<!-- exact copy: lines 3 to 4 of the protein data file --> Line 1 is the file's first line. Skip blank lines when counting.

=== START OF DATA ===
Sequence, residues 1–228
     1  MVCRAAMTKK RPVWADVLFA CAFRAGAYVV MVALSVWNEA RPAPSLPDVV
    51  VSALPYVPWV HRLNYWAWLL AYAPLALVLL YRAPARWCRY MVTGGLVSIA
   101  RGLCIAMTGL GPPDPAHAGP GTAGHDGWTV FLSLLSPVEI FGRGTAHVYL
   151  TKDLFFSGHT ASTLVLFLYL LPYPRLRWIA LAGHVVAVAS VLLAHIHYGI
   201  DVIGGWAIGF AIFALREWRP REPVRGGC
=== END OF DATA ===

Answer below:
    51  VSALPYVPWV HRLNYWAWLL AYAPLALVLL YRAPARWCRY MVTGGLVSIA
   101  RGLCIAMTGL GPPDPAHAGP GTAGHDGWTV FLSLLSPVEI FGRGTAHVYL